If the Margarita stands as the most popular tequila-based cocktail in the USA, the Paloma (meaning “dove” in Spanish) takes the crown as Mexico’s absolute favorite and even holds the title of the national cocktail.

Although the exact origins of the Paloma remain unclear, one thing is certain – by the 1950s, it had already gained significant popularity.

Some attribute the creation of the Paloma to the legendary Don Javier Delgado Corona, a former owner and bartender of La Capilla in Tequila, Mexico.

The simplest and most popular version of the Paloma is quite minimalistic: tequila and grapefruit soda in an ice-filled glass, quickly mixed. Optionally, a pinch of salt can be added.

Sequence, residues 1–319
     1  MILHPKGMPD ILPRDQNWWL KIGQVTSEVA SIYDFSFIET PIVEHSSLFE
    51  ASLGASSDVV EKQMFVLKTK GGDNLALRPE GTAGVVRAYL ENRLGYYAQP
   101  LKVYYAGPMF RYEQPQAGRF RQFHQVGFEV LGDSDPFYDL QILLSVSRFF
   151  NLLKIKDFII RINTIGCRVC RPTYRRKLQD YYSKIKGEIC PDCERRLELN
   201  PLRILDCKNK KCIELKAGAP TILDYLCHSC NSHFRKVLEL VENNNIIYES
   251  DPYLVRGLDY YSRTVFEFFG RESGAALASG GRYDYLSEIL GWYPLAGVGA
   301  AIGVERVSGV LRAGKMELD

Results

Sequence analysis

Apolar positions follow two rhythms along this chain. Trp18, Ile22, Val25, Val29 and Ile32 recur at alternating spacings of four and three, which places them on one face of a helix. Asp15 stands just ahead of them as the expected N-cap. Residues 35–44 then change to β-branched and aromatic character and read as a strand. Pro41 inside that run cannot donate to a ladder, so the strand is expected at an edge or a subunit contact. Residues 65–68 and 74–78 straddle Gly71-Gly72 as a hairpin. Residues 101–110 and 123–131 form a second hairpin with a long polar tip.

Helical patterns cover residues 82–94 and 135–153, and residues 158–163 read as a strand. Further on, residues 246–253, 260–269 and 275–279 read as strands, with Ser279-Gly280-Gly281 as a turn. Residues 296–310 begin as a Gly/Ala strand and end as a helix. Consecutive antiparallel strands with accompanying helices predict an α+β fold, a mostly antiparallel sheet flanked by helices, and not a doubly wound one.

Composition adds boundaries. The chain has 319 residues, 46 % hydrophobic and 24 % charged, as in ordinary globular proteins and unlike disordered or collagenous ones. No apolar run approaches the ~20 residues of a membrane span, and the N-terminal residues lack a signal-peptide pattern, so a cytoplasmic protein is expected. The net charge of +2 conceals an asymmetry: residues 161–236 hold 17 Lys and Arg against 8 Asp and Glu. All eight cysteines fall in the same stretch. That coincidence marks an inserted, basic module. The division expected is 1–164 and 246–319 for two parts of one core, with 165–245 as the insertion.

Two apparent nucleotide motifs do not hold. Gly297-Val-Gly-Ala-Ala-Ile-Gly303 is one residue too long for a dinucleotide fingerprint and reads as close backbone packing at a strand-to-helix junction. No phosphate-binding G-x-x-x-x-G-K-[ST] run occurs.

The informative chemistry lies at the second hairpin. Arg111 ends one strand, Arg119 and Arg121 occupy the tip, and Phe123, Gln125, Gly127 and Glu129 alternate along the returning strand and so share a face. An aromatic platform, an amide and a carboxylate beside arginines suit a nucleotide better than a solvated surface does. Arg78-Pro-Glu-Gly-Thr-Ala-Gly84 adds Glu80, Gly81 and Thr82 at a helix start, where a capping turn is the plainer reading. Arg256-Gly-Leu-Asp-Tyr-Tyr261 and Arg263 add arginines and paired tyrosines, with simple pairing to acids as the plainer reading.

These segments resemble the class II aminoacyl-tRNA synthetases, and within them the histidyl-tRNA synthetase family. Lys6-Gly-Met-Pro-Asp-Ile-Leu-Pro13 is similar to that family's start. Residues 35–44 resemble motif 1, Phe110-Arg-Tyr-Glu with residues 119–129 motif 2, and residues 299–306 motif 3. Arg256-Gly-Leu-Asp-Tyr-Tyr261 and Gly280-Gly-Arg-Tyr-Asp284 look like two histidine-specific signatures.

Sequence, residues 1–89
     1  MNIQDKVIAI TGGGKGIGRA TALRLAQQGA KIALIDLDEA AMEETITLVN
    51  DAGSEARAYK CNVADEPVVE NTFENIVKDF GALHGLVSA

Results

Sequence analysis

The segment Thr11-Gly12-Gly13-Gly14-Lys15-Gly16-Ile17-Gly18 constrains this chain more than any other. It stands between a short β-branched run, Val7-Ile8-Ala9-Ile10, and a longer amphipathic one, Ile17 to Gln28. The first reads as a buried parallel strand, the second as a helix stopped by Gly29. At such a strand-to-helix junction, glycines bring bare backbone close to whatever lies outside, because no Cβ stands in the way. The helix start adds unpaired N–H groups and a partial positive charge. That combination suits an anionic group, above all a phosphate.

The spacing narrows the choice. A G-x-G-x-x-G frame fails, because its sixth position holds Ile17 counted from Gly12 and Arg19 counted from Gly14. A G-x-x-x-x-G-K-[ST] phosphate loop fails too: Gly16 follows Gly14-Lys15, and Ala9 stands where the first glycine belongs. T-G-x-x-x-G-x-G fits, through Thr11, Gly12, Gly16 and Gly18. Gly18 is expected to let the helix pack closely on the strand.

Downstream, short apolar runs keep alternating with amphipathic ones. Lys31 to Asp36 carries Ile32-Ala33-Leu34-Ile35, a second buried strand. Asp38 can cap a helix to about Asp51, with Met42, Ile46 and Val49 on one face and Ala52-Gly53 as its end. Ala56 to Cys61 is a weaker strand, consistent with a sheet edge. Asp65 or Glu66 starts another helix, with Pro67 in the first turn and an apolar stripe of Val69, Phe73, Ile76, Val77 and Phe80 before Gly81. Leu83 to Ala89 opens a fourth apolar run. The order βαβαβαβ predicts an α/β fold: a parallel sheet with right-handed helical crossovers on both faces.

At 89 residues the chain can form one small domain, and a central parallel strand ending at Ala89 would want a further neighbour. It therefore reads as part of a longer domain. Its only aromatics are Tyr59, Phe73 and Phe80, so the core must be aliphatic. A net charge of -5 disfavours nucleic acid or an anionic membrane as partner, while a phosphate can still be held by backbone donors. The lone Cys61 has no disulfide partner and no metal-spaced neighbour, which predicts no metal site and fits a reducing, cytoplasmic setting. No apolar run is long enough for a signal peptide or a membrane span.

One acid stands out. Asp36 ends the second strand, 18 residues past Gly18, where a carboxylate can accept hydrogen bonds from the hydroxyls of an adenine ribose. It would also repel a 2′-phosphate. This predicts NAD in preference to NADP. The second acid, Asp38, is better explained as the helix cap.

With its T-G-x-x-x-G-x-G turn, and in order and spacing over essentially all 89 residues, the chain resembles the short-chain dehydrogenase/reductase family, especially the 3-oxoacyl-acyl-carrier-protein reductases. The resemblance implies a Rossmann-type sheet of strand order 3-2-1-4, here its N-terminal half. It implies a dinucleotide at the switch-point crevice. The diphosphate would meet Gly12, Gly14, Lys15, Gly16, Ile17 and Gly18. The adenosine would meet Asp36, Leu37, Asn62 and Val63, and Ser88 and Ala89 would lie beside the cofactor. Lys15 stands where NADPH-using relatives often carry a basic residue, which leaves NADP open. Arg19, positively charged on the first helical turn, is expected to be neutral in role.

The International Bartenders Association (IBA) offers a slightly more complex variant, calling for:
-1 2/3 oz / 50 ml Tequila
-1/6 oz / 5 ml Fresh Lime Juice
-3 1/3 oz / 100 ml Pink Grapefruit Soda
-A pinch of salt

More intricate variations suggest replacing a portion of the grapefruit soda with freshly squeezed grapefruit juice. While these may be a bit more labor-intensive, they undoubtedly result in a much tastier drink.
I tried one of these variants, and it proved to be a delightful and refreshing summer beverage.

-1 2/3 oz / 50 ml Tequila Blanco
-5/6 oz / 25 ml Fresh Pink Grapefruit Juice
-5/12 oz / 12.5 ml Fresh Lime Juice
-1/4 oz / 7.5 ml Agave Syrup
-1 2/3 oz / 50 ml Pink Grapefruit Soda

Shake the first four ingredients with ice and strain into an ice-filled glass.
Top with soda and briefly stir.

Garnish with grapefruit or lime wedge.

Collins glass

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